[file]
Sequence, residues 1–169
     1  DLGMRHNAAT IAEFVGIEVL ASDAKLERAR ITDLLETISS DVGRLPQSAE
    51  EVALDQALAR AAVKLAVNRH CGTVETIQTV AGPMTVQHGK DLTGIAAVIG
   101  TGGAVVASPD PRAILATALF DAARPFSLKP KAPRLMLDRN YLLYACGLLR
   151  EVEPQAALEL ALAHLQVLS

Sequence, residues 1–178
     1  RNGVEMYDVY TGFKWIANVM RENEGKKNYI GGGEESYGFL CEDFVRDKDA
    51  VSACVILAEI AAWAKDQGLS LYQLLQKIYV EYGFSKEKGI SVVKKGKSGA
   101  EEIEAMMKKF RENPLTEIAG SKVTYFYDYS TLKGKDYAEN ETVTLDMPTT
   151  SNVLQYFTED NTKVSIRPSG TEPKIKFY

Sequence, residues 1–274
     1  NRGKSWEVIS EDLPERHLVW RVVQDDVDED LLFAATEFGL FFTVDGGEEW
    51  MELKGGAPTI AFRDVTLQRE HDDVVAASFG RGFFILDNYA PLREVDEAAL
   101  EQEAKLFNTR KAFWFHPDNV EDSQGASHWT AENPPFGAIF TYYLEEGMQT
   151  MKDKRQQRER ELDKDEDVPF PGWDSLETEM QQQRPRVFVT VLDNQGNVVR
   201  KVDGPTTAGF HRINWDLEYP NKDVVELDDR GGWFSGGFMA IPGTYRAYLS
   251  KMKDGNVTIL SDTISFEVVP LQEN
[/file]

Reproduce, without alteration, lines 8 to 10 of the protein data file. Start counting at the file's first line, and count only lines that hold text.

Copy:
    51  VSACVILAEI AAWAKDQGLS LYQLLQKIYV EYGFSKEKGI SVVKKGKSGA
   101  EEIEAMMKKF RENPLTEIAG SKVTYFYDYS TLKGKDYAEN ETVTLDMPTT
   151  SNVLQYFTED NTKVSIRPSG TEPKIKFY